The Hobart Female Factory, 1860s, by Robert Beauchamp (W.L. Crowther Library, SLT)
Female Factories were established in Van Diemen's Land primarily as places of punishment for women charged with further offences after their initial sentences of transportation. The term 'Female Factory', often used confusingly and interchangeably with 'Female House of Correction', indicated the role of these institutions as more than prisons. What the new colony needed, according to Surveyor-General John Oxley in 1810, was a 'Well regulated Factory' to teach women 'habits of Industry' so that they became useful to society rather than burdens upon it.
While productivity never covered costs, later Factories were designed to keep the incarcerated women busily at work, particularly in laundries. They also housed women who could not work, either because they were ill or pregnant, or because they were nursing children. Prison, workplace, hiring depot, hospital, nursery – the Factories became major institutions for women.
The first two Factories were makeshift affairs – a house in George Town (c 1822–34); a few rooms attached to the Macquarie Street gaol in Hobart (mid-1820s to 1828). During the mid-1820s, when female transports began disembarking whole shiploads of women in Hobart, plans for a substantial institution were produced. Eventually, in 1828 a Female Factory opened on the outskirts of Hobart at Cascades. It became the colony's largest Factory, expanding by 1853 into five major courtyards accommodating 1000 women and 175 children.
As a complex of buildings in a frequently flooded valley, the Cascades Factory suffered from the government's decision to economise by converting a rum distillery instead of designing an institution for women and their children. The colony's only purpose-built Female Factory opened at Launceston in 1834 (the fifth Factory, at Ross, was converted from a male probation station).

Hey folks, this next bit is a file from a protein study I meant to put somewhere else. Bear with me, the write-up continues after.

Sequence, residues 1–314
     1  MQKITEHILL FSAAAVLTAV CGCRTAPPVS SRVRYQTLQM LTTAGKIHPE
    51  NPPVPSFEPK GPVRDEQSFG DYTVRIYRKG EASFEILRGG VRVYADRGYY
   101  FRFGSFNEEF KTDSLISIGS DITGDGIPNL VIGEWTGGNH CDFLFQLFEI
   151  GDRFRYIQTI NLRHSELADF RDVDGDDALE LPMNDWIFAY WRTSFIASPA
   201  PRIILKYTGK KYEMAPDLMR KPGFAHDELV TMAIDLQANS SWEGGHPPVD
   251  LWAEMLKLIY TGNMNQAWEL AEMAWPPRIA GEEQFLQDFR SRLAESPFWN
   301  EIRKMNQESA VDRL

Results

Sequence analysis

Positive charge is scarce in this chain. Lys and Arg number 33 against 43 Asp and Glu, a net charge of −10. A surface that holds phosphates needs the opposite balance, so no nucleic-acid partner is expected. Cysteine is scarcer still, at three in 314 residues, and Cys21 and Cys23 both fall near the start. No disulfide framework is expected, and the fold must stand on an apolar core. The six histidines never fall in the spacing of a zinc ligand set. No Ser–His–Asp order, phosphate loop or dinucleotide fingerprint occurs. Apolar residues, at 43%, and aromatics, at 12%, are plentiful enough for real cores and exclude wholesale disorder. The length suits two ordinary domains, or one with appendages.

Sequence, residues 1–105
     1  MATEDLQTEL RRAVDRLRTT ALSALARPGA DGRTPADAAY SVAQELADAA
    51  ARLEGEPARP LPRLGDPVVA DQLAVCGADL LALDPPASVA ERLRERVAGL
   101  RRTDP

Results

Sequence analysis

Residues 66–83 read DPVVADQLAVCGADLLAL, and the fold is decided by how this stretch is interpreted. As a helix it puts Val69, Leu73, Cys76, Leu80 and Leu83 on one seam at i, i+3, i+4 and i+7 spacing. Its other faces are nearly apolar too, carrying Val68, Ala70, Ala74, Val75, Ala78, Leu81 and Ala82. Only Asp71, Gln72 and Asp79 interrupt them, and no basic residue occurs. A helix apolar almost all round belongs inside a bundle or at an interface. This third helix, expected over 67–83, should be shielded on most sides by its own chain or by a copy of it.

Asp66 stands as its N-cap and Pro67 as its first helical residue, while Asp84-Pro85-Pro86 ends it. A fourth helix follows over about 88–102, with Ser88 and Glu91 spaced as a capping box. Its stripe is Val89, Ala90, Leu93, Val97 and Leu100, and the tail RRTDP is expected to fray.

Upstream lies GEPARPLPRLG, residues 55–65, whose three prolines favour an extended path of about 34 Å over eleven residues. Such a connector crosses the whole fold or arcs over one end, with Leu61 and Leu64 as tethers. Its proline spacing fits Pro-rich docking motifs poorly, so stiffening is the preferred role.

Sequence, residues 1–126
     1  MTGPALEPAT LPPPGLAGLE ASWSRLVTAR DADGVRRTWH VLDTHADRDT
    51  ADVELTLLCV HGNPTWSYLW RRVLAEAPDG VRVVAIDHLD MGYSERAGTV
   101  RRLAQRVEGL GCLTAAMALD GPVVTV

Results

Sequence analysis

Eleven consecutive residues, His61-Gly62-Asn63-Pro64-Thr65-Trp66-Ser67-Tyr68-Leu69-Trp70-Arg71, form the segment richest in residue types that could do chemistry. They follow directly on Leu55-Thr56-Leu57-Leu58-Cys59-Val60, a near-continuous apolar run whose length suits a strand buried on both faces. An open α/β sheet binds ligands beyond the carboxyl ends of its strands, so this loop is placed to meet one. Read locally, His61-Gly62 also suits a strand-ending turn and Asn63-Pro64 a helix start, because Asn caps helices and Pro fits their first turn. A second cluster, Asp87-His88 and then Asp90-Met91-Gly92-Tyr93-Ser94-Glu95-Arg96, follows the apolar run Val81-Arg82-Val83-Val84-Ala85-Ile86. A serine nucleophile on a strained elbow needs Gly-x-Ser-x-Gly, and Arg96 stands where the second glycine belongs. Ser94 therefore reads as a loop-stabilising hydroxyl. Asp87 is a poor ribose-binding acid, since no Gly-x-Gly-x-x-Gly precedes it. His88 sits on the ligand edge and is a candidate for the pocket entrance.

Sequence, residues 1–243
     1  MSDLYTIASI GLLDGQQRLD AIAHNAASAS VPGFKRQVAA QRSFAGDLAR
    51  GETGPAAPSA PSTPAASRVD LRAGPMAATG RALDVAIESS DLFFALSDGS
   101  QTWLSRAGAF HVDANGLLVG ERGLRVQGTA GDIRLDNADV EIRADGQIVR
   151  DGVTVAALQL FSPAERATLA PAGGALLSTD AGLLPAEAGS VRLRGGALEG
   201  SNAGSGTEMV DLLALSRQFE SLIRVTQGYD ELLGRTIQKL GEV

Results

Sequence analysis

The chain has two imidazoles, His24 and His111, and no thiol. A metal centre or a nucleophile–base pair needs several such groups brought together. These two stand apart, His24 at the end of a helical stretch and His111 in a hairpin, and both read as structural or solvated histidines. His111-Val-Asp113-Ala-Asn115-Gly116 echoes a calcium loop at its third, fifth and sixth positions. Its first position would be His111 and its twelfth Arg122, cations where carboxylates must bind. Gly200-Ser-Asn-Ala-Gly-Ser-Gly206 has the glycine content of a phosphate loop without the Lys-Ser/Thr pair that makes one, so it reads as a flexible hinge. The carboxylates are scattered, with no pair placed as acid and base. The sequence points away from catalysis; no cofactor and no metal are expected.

During the 1830s, those who entered a Female Factory were divided into three classes. At the bottom in the Third or Crime Class were women serving secondary punishment for offences such as insolence, drunkenness and being absent without leave. In the Second or Probation Class, women worked at lighter tasks and enjoyed a less meagre diet. At the top in the First or Assignable Class were women waiting to be sent into private service where settlers gave them room, board and clothes, but no wages.
After 1840 when transportation stopped to New South Wales, the influx of new arrivals put sudden and sustained pressure on the Factories. Launceston's overcrowding was somewhat relieved when a Factory opened at Ross (1848), and conditions improved at Cascades when its functions split. On arrival, women now spent six months on the Anson hulk, moored in the Derwent. Hiring depots and the Nursery were relocated, and Cascades reduced to a prison. By 1850, however, with the Anson's programme of moral rescue deemed a failure, services were again consolidating at Cascades, where the final Yard opened in the last year of transportation.
With no new arrivals, the Factories quickly shed staff and inmates. Ross closed in 1854. In 1855 at Launceston and 1856 at Cascades, the last two Female Factories were officially proclaimed gaols, and transferred to local control.
Further reading: L Frost, Footsteps and voices, Hobart, 2004; K Daniels, Convict women, Sydney, 1998; P Tardif, Notorious strumpets and dangerous girls, Sydney, 1990.